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East Africa Area Bishop Daniel Wandabula appears before the Judicial Council on Oct. 25, 2012 in Elk Grove Village, Ill. The denomination’s General Council on Finance and Administration advises withholding funds from his area until its complaint against the bishop is resolved.

File photo by Anne Marie Gerhardt, UMNS

East Africa Area Bishop Daniel Wandabula appears before the Judicial Council on Oct. 25, 2012 in Elk Grove Village, Ill. The denomination’s General Council on Finance and Administration advises withholding funds from his area until its complaint against the bishop is resolved.

United Methodist Bishop Daniel Wandabula.

Photo courtesy of the Council of Bishops.

United Methodist Bishop Daniel Wandabula.

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Agency urges withholding funds from East Africa

By Heather Hahn
May 21, 2015 | NASHVILLE, Tenn. (UMNS)

The board of The United Methodist Church’s finance agency urged congregations and other denominational bodies to continue withholding funds from the East Africa Conference until it can ensure accountability.

The board of the General Council on Finance and Administration made its announcement May 20 after it agreed to repay the full salary to East Africa Area Bishop Daniel Wandabula as ordered by the Judicial Council, the denomination’s top court.

The board also warned that auditing issues that originally led it to reduce the bishop’s pay and join a formal complaint against him are unresolved. Wandabula faces longstanding questions for how his episcopal area has used more than $757,000 in church funds.

The Africa Central Conference College of Bishops is still adjudicating that complaint.

“We find there is misunderstanding in the church about the Judicial Council decision,” said Indiana Area Bishop Michael Coyner, president of the finance agency’s board. “That complaint is not finished, and we are still supporting withholding of funds … until the complaint is resolved or the deficiencies in that audit are resolved.”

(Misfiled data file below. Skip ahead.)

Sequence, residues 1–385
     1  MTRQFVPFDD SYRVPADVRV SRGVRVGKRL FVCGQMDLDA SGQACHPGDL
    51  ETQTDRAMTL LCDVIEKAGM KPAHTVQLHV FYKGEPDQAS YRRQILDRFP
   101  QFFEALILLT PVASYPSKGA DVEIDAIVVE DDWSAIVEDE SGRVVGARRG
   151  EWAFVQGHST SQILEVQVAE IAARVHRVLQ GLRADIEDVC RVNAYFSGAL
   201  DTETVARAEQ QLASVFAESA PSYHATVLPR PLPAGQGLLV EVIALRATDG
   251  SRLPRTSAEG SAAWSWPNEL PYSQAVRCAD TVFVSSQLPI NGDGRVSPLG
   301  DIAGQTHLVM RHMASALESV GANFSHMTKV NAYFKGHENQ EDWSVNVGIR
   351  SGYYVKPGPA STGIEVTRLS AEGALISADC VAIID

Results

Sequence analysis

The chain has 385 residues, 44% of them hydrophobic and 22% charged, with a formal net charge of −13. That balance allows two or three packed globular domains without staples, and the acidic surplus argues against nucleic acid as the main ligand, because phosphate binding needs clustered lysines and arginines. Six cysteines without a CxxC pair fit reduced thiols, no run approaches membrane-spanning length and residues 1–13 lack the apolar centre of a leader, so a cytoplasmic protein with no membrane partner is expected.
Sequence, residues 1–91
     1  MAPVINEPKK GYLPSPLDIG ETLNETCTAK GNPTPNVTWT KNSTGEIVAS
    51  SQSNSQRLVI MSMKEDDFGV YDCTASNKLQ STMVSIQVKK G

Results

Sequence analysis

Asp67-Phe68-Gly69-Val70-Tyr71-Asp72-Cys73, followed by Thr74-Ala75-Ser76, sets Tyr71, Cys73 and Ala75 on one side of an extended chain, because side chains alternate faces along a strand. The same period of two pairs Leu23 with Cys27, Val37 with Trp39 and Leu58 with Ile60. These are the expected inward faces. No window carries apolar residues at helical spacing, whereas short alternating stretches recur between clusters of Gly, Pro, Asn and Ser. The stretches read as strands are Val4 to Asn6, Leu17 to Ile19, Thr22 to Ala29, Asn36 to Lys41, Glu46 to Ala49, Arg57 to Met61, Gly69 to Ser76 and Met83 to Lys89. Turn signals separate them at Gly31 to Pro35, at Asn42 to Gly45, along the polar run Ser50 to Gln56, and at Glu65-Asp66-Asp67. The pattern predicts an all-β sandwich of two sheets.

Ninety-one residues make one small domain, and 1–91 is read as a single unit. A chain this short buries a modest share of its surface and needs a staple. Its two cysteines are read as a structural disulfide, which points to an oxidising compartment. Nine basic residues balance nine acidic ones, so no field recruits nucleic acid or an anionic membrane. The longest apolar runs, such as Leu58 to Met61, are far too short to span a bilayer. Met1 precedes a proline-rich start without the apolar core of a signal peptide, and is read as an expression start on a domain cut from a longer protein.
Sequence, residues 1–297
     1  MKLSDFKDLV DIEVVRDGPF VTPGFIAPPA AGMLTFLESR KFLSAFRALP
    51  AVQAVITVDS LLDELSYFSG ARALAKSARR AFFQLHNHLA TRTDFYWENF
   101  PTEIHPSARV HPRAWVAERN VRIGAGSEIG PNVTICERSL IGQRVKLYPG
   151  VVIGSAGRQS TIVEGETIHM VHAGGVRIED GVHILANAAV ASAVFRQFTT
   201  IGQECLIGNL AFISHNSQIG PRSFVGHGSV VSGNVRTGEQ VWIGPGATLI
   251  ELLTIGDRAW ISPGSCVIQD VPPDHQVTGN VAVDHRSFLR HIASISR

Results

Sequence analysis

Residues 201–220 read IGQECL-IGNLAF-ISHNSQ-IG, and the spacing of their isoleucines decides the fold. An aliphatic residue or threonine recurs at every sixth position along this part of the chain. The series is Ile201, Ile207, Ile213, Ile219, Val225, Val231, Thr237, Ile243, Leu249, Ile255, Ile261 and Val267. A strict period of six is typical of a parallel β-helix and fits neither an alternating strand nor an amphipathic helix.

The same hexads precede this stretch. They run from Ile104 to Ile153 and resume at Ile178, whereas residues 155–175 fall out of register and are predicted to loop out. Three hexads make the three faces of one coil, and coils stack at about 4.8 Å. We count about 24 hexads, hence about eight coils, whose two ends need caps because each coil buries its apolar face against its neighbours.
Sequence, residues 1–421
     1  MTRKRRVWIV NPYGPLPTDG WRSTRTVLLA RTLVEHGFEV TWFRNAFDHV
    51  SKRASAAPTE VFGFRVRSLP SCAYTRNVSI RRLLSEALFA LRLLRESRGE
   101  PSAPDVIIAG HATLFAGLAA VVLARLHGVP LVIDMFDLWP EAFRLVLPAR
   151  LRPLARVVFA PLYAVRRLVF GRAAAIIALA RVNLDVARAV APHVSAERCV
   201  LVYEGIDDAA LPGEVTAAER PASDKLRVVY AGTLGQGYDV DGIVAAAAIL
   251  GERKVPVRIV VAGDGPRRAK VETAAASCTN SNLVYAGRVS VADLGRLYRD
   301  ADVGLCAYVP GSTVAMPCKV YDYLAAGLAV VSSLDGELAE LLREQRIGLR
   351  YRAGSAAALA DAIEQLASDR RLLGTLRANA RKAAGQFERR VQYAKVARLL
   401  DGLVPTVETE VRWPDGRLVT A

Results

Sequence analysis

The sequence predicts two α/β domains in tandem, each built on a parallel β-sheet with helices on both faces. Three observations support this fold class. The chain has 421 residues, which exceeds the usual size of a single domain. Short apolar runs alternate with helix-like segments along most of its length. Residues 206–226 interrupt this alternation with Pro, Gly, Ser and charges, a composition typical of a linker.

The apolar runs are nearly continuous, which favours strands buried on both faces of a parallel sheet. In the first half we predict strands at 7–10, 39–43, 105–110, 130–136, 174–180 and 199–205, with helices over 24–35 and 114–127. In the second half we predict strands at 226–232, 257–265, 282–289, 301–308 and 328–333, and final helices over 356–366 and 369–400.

Funds Reinstated to Another Bishop

United Methodist Bishop Jose Quipungo. Photo by Mike DuBose, UMNS.

United Methodist Bishop Jose Quipungo. Photo by Mike DuBose, UMNS. 

The General Council on Finance and Administration board announced it had received completed audits from East Angola Area Bishop José Quipungo’s episcopal office.

In November 2014, the board said it would suspend his episcopal office funds until it received “a satisfactory episcopal office audit.” With the completed audits, the board said it voted to restore the suspended funds.

The Judicial Council, in its ruling on Bishop Daniel Wandabula’s salary, upheld the General Council on Finance and Administration’s authority to set the amount for bishops’ housing allowances and office expenses.

General Conference, the denomination’s top policymaking body, requires bishops’ offices to submit to an audit each year based on approved International Standards on Auditing. If a written report is not provided to the finance agency by July 31 of the following year, the agency will “have the right to suspend funding to the episcopal area.”

Since September 2012, the finance agency has recommended that United Methodist agencies, conferences and churches cut off programmatic funds to East Africa.

How the situation developed

The board first took action against Wandabula after three unfavorable audits of his East Africa Conference office’s use of funds. Wandabula’s area now also includes the Burundi Conference.